By Wolfgang Jeschke
Tor, $25.99, 544 pages
In The Cusanus Game, the world as we know it is slowly dying thanks to the spreading radioactivity from an atomic accident in Germany. Despite huge advances in technology to aid in the cleanup, scientists can’t keep up with the destruction. Entire plant and animal species are being wiped out, organic mutations are becoming more frequent, and violent political groups gain more and more sway. Domenica Ligrina, a botanist in Rome, signs up for a top secret research group sponsored by the Vatican, and discovers that hope for the future must come from the past.
“His greeting had been genuine and spontaneous. Still…I was completely certain that I’d never seen him before, and yet he seemed somehow familiar to me. How was this possible?”
Wolfgang Jeschke’s The Cusanus Game is a complicated and layered tale filled with speculation on the technical, philosophical, and psychological ramifications of time travel. The book starts out slowly, setting the stage for the desperate state of the world, but picks up as Domenica begins her training and her own travels through time. Through Domenica the reader is able to investigate ideas of cause and effect, and the fluid nature of time. Not a science fiction book for casual readers, Jeschke has created a story that has a haunting beauty and is extremely thought provoking.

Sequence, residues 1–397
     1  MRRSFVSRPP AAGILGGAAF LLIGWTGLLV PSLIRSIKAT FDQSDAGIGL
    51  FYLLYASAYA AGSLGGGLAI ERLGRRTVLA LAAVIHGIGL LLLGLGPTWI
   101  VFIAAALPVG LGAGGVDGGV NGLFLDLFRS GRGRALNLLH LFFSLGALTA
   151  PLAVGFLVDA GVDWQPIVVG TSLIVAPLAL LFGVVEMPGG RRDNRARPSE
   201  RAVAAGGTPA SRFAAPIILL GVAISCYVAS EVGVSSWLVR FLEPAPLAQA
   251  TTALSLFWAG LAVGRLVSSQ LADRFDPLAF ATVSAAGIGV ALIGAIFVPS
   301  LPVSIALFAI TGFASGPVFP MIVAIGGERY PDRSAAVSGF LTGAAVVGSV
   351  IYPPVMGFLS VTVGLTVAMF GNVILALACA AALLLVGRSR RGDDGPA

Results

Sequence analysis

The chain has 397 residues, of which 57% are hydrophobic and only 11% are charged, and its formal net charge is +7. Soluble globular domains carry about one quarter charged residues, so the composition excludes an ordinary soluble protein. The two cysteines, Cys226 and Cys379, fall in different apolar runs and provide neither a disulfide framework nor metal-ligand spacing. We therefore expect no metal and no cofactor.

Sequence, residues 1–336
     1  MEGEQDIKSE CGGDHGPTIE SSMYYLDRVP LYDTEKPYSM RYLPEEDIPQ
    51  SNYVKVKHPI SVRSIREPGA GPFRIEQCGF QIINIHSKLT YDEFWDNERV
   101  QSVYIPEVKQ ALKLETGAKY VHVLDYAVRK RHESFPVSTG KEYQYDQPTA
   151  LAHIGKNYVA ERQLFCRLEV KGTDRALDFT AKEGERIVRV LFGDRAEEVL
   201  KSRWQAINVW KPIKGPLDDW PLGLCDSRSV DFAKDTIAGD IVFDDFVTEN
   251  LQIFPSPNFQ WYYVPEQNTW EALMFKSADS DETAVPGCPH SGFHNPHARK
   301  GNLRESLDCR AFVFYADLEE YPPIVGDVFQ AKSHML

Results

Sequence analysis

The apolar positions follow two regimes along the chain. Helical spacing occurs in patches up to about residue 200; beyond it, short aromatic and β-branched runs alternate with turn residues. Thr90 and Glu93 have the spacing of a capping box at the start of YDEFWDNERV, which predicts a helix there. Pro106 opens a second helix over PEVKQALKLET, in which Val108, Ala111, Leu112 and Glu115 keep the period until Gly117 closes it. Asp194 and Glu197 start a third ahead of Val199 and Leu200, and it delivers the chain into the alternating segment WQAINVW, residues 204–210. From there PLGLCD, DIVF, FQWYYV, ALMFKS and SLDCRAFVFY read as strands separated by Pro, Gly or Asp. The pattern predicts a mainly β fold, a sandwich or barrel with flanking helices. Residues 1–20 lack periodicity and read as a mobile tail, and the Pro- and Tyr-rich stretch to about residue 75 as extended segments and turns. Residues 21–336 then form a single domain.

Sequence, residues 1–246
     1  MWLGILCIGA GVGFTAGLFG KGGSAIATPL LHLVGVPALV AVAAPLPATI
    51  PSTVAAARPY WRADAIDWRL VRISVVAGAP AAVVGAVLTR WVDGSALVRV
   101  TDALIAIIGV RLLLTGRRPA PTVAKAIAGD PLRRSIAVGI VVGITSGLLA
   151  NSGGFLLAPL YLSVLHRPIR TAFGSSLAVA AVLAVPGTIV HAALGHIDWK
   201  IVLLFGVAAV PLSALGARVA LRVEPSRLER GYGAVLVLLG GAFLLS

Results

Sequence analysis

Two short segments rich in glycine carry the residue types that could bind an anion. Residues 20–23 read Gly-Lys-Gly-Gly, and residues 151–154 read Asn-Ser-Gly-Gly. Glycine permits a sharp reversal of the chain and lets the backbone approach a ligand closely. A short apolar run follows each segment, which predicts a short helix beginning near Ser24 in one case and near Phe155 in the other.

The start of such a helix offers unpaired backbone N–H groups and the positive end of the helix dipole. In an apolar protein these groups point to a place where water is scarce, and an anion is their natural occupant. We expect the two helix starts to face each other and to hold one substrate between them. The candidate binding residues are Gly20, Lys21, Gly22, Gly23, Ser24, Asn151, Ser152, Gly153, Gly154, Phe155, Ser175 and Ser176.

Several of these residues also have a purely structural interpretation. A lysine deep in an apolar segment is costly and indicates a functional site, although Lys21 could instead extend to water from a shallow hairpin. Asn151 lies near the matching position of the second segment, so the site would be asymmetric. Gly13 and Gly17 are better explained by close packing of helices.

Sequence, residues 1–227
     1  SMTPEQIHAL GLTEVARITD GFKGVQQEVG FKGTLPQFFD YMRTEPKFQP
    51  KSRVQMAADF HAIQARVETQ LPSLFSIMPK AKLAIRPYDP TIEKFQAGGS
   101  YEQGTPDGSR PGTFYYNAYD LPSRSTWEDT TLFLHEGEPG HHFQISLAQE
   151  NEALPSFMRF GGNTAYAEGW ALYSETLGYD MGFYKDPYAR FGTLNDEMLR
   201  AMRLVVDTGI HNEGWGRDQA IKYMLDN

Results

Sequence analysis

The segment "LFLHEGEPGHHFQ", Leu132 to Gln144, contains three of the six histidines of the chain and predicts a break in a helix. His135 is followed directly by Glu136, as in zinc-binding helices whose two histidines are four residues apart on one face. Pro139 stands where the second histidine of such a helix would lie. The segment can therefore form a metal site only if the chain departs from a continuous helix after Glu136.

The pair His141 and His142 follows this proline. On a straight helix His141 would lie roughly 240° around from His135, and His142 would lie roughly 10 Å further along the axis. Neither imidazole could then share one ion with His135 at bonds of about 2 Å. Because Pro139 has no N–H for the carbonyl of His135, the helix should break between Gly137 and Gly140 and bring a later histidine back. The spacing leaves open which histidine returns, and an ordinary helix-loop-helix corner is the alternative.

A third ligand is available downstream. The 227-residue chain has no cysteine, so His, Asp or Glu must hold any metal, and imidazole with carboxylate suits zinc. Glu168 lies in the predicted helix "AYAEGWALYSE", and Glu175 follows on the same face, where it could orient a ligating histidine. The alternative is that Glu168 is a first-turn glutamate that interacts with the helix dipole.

Reviewed by Whitney Smyth
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